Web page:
Opus Technologies' Titanium MT-200 Mid-tower Chassisby Purav Sanghani on April 23, 2004 3:06 PM EST
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DesignAs far as design goes, the MT-200 doesn't differ from the Thermaltake VM3000 much besides its external look. It has the same screw-less design and tool-less features and varies only visually. The front bezel door, which comes in either an off-white or a rust color like the one in this review, is simple, yet also creates a bold look for the façade.
At slightly higher than mid-height, the door features a vertically sliding, tinted plastic window that conceals the audio, USB, and Firewire (optional) ports while the main door is closed. This is extremely useful when working in tight spaces as this case is already a large one. This design keeps these auxiliary ports hidden when not in use and also lets the large door remain shut when devices are plugged in.
The bottom half of the door features vents to allow airflow with optional fans mounted to the inside. Directly to the right of the first vent are the Power and HDD LEDs.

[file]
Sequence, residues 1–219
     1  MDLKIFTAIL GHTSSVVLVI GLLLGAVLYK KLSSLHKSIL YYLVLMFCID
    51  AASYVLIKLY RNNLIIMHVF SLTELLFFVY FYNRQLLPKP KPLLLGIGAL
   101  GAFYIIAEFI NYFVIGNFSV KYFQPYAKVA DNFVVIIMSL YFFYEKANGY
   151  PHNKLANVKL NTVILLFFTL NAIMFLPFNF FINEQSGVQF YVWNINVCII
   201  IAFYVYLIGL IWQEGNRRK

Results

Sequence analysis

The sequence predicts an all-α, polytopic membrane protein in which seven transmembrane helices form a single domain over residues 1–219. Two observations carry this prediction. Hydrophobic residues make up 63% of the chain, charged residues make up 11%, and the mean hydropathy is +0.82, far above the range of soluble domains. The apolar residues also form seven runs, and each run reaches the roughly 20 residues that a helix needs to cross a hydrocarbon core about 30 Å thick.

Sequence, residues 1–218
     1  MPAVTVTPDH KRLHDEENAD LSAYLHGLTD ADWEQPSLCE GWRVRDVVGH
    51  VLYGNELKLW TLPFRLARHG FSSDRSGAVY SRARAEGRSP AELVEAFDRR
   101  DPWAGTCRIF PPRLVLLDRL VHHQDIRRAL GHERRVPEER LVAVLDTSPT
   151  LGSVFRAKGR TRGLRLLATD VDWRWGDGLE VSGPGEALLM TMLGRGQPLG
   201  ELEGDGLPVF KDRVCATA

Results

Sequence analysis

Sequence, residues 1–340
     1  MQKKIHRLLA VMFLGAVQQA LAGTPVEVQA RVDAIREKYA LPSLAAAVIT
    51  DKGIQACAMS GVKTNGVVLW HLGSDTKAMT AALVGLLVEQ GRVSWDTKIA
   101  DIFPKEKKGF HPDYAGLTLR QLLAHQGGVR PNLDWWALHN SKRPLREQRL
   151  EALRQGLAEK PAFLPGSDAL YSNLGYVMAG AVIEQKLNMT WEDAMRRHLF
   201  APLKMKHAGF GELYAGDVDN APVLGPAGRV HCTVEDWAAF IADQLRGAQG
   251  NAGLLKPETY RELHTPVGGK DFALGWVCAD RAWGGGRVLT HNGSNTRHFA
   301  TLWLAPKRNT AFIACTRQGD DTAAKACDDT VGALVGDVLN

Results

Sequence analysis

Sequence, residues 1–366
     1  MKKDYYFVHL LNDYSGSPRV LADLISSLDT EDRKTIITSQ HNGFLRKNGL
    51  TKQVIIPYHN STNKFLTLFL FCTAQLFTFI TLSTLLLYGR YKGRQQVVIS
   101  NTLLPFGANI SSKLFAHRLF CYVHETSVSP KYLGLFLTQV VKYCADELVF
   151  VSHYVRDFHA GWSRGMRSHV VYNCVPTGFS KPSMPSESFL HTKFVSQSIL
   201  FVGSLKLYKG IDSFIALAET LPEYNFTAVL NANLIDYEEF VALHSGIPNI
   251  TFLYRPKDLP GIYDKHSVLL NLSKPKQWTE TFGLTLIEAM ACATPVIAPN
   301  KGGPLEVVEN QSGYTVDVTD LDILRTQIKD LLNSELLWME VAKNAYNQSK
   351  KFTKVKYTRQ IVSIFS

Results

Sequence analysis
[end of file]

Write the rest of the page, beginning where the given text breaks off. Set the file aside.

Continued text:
Upon opening the door, we immediately noticed the replica front bezel found also on the VM3000. There are six 5-1/4" bay openings: 3 at the top, and 3 at the bottom. As we stated in the VM3000 review, although the six 5-1/4" drive bays may seem like too much, the design allows an optional 120mm fan to be mounted, increasing air flow. At about mid-height, there are two 3-1/2" drive bays, one already occupied by the auxiliary audio and USB ports. This module can be removed and replaced with an extra floppy drive, but the top opening should be more than enough for that type of application.
The power and reset buttons are to the right of the 3-1/2" drive bays. Though the reset button may seem small, it is easy to push using the tip of the index finger. Both buttons are flush to prevent accidental touches.